It Ain’t What You Do, It’s That You Do

By Peter Latchford

Some of the biggest problems of our time are standing in plain view. We don’t deal with them because they are, to use a Douglas Adams coinage, surrounded by a Someone Else’s Problem field. For example, there is now little doubt that global warming is both (a) an existential problem and (b) our fault; but we as individuals don’t stop our polluting practices because somehow we think it’s the government’s problem. But what is a democratic government other than a reflection of the collective? Take another example, happiness. We listen dutifully to the news and worry when there’s a slowdown in economic growth, though we know that (1) a growing economy relies on each of us to buy more; and (2) having more stuff makes those of us with all that we need (i.e. most of us in the developed world) more sad. But we don’t ask ourselves, what’s so great about this new religion called economic growth? We expect our government agencies to be rational, fully-resourced and prescient at all times, though nothing in our own lives ever points to this being a possible, or even sane, approach to making progress. And we don’t stop and think about whether there are better models for getting things done.

How many social conversations have you found yourself in, where you find yourself listening to perfectly sensible folk as they blame politicians of every stripe for the woes of the present? They declare the politicians to be corrupt, self-serving, incompetent. If you try asking, “Have you thought about standing for public office?” the answer will almost always negative. But we cannot expect our democracy – that fragile gift our predecessors fought and died creating – to survive if each generation does not take responsibility for keeping it strong.

I’ve given up trying to defend the political classes. I have met a fair few politicians and, with a small number of exceptions, have found elected representatives at a national level to be committed to public service, to be unusually intelligent, and to be exactly the kind of person you would trust with your door key, or to pick up your child from school. They usually have what I don’t have, which is why I know I would not fit in their ranks: most of them have the emotional resilience to get on with the job despite the brickbats. So they don’t need me to defend them and anyway I suspect that the widespread cynicism may be a necessary part of the checks and balances that keep democracy vital. But I do think, as a society, we need to look closely at what it is to take action.

Many of Britain’s big cities, in recent years have seen gang-related violence problems, riots (both locally initiated and London-inspired), issues arising from extremism, and tensions between people of different backgrounds. In my work on these and related themes, I saw clear patterns. If you asked someone in the most diverse parts of a city whether people from different backgrounds get on well together, he or she would probably say yes. People who lived in the least ethnically diverse areas were also fairly positive in their responses. The people who were the most sceptical on this issue tend to live in the areas next to the most diverse areas. It seems that, if you see lots of people who don’t look like you, but if don’t have cause to interact with them closely and regularly, you are most likely to think that different people don’t – and can’t – get on. The data on this issue also revealed another pattern. People who categorise themselves as in some sense disadvantaged – through disability or long term sickness, for instance – were also more likely to feel negative about how well different people got on.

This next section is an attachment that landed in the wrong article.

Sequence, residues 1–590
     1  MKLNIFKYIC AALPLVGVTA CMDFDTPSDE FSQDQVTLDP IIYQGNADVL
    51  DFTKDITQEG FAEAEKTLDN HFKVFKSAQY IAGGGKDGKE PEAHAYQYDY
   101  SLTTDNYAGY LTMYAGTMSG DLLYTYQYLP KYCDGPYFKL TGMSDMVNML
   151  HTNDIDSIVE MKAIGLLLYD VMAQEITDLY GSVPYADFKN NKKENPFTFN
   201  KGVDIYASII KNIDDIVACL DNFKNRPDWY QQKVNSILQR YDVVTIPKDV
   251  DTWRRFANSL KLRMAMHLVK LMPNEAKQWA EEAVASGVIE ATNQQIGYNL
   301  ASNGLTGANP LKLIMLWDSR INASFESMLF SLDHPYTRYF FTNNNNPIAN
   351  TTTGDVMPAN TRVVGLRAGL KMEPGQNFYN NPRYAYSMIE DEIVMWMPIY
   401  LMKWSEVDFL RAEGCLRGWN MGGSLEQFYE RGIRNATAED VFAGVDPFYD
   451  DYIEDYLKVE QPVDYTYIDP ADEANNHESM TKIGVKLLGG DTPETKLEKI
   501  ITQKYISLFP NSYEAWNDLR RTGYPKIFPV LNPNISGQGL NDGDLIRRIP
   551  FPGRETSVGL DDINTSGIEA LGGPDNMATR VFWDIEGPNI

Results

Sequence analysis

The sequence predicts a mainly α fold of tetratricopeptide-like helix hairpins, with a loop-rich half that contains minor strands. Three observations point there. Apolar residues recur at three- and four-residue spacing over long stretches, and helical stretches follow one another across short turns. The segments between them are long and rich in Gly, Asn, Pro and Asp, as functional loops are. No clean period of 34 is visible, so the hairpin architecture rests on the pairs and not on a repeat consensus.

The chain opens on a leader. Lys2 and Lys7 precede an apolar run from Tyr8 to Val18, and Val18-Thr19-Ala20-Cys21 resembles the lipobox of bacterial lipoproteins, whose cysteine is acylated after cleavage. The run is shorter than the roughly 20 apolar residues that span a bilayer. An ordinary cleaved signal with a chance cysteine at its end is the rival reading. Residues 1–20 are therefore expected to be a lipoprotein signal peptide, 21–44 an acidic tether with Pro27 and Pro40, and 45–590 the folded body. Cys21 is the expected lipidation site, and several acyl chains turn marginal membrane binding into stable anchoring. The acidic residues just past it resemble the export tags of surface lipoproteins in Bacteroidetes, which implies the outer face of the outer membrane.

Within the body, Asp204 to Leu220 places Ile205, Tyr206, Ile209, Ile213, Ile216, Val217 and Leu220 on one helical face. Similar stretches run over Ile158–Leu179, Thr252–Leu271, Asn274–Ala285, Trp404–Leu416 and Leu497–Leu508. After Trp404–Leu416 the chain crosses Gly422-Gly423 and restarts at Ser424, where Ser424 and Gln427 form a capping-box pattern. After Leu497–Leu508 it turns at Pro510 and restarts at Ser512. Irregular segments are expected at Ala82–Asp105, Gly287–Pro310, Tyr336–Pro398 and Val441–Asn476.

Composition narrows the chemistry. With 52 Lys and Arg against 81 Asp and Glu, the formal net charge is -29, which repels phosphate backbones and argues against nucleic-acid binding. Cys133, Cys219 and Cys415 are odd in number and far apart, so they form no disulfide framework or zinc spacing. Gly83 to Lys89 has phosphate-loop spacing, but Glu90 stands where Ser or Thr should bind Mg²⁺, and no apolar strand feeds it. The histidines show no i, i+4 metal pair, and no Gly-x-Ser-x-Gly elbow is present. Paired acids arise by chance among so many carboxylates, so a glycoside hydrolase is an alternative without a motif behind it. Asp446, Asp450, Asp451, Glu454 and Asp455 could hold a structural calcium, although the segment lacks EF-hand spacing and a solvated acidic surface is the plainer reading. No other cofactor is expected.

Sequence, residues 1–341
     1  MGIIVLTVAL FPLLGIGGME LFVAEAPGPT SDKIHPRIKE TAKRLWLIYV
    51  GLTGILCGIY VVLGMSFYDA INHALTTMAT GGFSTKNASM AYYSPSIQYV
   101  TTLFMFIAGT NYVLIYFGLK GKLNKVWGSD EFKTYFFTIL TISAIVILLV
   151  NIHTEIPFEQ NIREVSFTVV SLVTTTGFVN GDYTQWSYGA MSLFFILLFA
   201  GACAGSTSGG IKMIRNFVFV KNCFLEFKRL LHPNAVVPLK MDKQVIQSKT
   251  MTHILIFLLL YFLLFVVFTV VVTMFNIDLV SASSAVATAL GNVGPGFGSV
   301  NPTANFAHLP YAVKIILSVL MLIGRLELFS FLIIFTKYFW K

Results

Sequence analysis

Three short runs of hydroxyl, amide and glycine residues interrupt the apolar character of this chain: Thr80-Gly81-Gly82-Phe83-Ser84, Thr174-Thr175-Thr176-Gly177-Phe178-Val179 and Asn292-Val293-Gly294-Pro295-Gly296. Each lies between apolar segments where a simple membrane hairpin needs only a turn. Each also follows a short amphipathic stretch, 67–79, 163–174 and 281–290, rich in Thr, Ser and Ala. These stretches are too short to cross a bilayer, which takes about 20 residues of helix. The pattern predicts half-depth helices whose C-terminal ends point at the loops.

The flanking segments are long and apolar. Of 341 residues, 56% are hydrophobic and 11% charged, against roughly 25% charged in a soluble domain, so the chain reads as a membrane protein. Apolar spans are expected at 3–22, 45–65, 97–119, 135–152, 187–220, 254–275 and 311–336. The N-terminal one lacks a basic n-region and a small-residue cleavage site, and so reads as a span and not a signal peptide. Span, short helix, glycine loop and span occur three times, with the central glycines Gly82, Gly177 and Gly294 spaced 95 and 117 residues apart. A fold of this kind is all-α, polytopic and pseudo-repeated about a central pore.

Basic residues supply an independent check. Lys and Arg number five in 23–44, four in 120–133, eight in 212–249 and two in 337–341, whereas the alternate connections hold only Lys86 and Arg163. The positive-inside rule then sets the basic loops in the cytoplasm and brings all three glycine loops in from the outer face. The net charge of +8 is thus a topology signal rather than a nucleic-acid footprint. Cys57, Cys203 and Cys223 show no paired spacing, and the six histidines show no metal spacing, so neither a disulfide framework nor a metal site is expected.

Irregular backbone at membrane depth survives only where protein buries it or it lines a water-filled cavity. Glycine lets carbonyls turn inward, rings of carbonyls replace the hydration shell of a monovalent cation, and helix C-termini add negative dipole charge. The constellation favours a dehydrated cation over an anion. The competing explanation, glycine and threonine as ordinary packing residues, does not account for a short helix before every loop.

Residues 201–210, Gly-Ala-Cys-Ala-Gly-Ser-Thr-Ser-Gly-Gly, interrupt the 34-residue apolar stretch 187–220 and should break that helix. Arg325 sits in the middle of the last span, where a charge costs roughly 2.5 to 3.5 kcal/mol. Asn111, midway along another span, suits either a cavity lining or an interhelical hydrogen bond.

We are seeing a deep-rooted human truth here. It may not be particularly startling to observe that people who feel less able to shape their world are also more likely to feel troubled by the unfamiliar, by the unknown, by the Other. But there’s a more nuanced explanation also fits the facts. It’s possible that having a passive outlook – feeling that you are acted upon by the world, rather than an active agent in it – may increase a person’s risk of being unwell, disengaged, and prejudiced. If we are interested in reducing sickness, and in improving well-being, we might be better to invest in helping people to break this passive norm; to be active in their lives - rather than in redesigning our health systems (i.e. sickness support mechanisms), or increasing enforcement mechanisms, or hectoring people to change their negative behaviours, or encouraging people to spend more to keep the economy growing.